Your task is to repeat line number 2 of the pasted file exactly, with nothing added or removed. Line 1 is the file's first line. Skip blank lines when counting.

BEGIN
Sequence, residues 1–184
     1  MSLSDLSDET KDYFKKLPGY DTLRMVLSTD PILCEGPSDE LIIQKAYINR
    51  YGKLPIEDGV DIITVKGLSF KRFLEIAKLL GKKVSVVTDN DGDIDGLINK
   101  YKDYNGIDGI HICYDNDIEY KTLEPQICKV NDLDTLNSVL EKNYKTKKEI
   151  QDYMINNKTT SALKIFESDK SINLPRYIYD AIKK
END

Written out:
     1  MSLSDLSDET KDYFKKLPGY DTLRMVLSTD PILCEGPSDE LIIQKAYINR